There’s also just the simple fact that an iPhone, an Android phone or tablet, and an iPad are all computers. Part of what we’re seeing really is reinventing the wheel – in a good way. We’re getting the standards for interoperability and actual music making we’d expect on any computing device.
Meanwhile, if you want to see MIDI on traditional computers, a couple of us have found that the good old-fashioned MIDI multi-port hub has some utility, for reasons I’ll explain soon. And yes, you can still buy them – check out the M-Audio MIDISPORT 4×4. So, no, I’m not only about the mobile stuff.
Natacha Atlas is in North America for her current tour in suppport of her new album, Mounqaliba. Tonight, Los Angeles, followed by shows in San Francisco, Arcata, Montreal and New York. Don’t miss this rare opportunity to hear Natacha live!
An FCC Enforcement Bureau District Office today issued a Notice of Apparent Liability, proposing to fine an AM licensee $25,000 for not having a meaningful staff presence at the station's main studio, and for not being able to produce a public inspection file when the FCC inspectors visited the station. The station was being operated by another party pursuant to a Local Marketing Agreement ("LMA") and, when the FCC inspector showed up, none of the employees at the main studio identified themselves as an employee of the licensee. Not having any employees at the main studio, and the additional inability to locate a public file for the station, resulted in the FCC proposing a $25,000 fine ($7000 for the lack of employees at the main studio, $10,000 for the lack of a public file, and an upward adjustment to reach the $25,000 total as the licensee had a series of prior violations).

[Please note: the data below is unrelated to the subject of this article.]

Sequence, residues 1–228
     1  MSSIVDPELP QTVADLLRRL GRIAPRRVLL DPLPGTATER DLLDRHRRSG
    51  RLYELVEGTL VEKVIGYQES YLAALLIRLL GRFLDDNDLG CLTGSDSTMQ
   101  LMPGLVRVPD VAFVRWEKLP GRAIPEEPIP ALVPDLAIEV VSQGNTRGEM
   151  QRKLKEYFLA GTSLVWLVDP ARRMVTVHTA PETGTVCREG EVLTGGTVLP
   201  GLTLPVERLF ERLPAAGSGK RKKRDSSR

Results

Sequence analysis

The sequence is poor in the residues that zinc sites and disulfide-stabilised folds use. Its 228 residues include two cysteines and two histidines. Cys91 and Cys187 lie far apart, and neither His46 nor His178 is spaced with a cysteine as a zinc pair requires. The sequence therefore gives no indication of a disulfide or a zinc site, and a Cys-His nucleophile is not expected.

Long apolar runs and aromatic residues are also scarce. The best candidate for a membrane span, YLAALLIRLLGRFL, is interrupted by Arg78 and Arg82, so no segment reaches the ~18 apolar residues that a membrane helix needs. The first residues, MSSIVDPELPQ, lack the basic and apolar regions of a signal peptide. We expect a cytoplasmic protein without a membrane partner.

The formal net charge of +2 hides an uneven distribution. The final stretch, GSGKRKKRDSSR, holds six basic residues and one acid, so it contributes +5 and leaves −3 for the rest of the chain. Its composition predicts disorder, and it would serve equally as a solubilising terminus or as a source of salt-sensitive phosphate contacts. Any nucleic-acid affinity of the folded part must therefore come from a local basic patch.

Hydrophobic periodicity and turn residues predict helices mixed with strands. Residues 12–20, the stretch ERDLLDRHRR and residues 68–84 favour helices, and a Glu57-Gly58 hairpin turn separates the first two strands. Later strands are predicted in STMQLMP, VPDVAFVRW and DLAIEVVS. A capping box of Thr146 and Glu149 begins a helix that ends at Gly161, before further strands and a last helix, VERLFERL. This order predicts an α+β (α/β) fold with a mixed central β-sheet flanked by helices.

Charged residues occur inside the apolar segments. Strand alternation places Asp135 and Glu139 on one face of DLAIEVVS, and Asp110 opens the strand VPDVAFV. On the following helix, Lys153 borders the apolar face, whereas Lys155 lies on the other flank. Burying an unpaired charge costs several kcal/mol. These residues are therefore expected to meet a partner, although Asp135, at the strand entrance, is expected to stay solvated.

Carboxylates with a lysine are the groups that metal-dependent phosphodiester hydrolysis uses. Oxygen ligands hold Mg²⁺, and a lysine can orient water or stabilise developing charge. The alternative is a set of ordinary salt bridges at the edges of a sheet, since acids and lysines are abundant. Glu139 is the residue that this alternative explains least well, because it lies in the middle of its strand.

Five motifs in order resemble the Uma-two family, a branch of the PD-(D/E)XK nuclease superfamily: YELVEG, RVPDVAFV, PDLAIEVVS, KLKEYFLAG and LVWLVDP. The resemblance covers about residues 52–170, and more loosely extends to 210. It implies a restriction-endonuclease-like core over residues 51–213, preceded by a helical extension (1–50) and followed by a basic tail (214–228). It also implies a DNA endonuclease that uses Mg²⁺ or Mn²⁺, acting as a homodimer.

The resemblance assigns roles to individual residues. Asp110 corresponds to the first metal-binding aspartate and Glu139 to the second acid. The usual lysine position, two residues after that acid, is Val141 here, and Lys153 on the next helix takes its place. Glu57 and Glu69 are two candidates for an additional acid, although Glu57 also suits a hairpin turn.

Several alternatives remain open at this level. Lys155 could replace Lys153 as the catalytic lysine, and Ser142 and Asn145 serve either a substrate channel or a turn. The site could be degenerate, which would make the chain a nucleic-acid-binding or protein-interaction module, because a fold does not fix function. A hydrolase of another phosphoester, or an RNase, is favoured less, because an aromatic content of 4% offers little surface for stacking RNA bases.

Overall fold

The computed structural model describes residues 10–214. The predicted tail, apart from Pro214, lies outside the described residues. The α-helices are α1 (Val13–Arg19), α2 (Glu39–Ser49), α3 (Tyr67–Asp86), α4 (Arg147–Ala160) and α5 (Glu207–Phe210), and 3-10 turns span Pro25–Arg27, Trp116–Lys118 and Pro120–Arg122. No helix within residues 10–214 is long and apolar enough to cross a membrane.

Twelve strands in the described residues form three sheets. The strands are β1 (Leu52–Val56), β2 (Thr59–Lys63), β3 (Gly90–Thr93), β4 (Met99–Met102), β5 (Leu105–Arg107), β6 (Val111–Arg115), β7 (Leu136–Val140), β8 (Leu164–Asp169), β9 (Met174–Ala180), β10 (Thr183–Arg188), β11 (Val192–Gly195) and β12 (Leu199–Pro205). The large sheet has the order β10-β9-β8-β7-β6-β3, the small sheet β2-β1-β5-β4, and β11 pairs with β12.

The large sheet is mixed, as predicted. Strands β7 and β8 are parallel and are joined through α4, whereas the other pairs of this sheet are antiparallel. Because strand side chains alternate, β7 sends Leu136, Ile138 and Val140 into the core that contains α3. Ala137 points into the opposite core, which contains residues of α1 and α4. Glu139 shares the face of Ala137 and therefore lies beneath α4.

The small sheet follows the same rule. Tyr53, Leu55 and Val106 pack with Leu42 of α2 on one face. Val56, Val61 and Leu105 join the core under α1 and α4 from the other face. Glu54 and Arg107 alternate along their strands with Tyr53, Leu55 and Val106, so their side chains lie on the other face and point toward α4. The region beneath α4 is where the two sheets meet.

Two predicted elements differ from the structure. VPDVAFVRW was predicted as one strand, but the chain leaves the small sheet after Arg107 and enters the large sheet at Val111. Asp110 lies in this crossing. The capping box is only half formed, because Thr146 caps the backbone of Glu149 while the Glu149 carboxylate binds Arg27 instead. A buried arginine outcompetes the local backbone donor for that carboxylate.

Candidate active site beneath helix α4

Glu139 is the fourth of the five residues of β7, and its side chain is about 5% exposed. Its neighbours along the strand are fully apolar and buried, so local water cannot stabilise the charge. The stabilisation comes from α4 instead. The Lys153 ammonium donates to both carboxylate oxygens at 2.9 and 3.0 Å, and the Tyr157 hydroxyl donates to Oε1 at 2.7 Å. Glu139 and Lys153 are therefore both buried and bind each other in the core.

The fact that this station, like so many others in this time of economic upheaval, was operating under an LMA highlights what the FCC has said so many times in the past about the staffing of such stations. A station licensee cannot just sign an LMA, and leave the station to the control of the program provider. Instead, the licensee must oversee the operations of the station, and have its own employees physically present at the station on a day to day basis to do so. The decision today cites a 20 year old case for the proposition that the licensee must have both management and staff presence at the station on a full-time basis to be considered meaningful. In other cases, the Commission has said that the there need to be a manager and a staff employee of the licensee who report to the studio as their principal place of business on a daily basis, and at least one of these employees must be physically present at the station's main studio during normal business hours. Here, where there was no one employed by the licensee at the station when the FCC inspected it, the fine was issued. So, if you are operating under an LMA, make sure to observe these staffing requirements, or risk a fine from the FCC.